Reshuffling cabinet leaves future in doubt

ROME — Media mogul-turned-politician Silvio Berlusconi on Wednesday formally resigned as prime minister of Italy’s 59th postwar government but plans to continue running the country by forming a new government.

In Italy a prime minister must step down before making a substantial Cabinet reshuffle.

Berlusconi, whose family holding company Fininvest controls dominant commercial broadcaster Mediaset, has been clinging to power ever since his center-right bloc was beaten in regional elections this month, causing tensions within the coalition.

One of the coalition parties, the Union of Christian Democrats (UDC), has threatened to pull its ministers from the Cabinet, and it demanded that Berlusconi form a fresh government with a new platform.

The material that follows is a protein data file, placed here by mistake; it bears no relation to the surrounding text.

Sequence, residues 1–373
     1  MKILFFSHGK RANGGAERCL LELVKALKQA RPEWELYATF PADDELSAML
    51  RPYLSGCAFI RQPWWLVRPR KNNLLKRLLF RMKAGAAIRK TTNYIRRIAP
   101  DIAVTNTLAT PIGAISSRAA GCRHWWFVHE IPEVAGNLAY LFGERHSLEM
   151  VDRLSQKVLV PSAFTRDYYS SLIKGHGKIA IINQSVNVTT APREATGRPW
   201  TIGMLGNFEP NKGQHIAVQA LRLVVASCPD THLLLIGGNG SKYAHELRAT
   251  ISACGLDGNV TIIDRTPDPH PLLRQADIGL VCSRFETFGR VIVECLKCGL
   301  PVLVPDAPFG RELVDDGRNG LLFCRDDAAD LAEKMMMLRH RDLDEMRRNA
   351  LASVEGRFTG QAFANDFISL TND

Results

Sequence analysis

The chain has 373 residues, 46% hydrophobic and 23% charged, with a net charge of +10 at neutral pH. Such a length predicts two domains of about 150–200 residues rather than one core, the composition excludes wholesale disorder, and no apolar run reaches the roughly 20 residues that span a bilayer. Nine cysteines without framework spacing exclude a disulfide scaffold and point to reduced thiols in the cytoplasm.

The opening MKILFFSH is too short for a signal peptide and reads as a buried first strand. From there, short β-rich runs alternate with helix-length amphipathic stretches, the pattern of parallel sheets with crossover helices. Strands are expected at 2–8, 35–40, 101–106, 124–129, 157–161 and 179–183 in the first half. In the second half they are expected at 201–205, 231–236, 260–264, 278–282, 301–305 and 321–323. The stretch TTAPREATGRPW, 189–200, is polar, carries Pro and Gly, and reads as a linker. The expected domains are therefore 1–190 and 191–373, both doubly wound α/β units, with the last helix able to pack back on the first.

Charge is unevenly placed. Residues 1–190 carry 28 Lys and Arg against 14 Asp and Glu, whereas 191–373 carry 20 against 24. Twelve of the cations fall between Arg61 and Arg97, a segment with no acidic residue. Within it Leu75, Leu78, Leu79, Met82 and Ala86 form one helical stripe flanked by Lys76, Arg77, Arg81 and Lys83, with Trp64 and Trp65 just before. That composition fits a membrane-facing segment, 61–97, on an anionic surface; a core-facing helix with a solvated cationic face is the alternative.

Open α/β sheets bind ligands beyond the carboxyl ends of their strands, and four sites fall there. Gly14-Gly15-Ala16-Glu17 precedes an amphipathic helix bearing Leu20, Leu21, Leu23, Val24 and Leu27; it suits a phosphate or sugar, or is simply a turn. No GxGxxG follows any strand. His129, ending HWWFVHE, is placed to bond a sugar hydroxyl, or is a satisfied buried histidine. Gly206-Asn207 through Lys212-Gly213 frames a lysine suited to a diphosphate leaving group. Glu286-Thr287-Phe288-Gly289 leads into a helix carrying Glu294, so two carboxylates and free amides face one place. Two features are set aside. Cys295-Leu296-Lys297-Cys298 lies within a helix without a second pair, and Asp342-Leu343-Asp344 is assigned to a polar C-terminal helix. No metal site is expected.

Another ally, the National Alliance, has also asked for a reshuffled Cabinet.

Both parties want a third ally, the populist Northern League party, which champions more autonomy for Italy’s rich north, to have less weight within government.

“I accept the challenge of forming a new government,” Berlusconi told parliament on Wednesday.

Italian President Carlo Azeglio Ciampi — to whom Berlusconi tendered his resignation — may now decide to consult with all political parties before giving Berlusconi the greenlight to return to parliament to face a confidence vote.

It will then be up to his coalition partners to decide whether Berlusconi remains at the helm, possibly until national elections skedded for next year, or whether early elections will be held.

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